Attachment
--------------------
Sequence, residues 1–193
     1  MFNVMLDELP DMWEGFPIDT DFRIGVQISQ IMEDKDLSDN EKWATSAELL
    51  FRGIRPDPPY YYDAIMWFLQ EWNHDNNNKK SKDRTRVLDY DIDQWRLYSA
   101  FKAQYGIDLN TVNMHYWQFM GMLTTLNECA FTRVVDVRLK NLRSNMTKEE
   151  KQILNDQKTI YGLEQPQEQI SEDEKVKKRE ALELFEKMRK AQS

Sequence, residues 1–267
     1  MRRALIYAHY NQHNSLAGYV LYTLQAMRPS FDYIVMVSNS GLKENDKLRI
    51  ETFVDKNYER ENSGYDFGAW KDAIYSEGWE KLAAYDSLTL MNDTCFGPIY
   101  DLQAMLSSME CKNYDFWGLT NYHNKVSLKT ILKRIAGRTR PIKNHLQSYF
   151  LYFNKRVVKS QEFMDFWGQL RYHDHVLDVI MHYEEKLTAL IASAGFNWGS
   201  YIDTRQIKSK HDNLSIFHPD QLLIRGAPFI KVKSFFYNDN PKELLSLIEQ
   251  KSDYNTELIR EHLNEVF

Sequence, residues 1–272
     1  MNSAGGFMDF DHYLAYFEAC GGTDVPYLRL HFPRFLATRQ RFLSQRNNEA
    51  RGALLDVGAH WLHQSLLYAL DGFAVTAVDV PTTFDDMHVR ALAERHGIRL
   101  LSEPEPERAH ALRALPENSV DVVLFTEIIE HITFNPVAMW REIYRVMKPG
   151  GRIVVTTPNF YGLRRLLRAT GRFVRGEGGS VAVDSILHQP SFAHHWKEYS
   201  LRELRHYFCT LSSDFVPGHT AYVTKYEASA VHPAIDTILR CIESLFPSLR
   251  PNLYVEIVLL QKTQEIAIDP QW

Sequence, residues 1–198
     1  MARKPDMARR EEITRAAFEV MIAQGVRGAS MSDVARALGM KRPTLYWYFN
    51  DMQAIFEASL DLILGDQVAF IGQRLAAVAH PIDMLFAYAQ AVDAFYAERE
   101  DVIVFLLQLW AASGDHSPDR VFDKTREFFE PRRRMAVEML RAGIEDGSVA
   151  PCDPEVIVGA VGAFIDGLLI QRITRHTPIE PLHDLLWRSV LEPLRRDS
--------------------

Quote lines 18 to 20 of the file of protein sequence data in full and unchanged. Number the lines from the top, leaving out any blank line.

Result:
   201  LRELRHYFCT LSSDFVPGHT AYVTKYEASA VHPAIDTILR CIESLFPSLR
   251  PNLYVEIVLL QKTQEIAIDP QW

Sequence, residues 1–198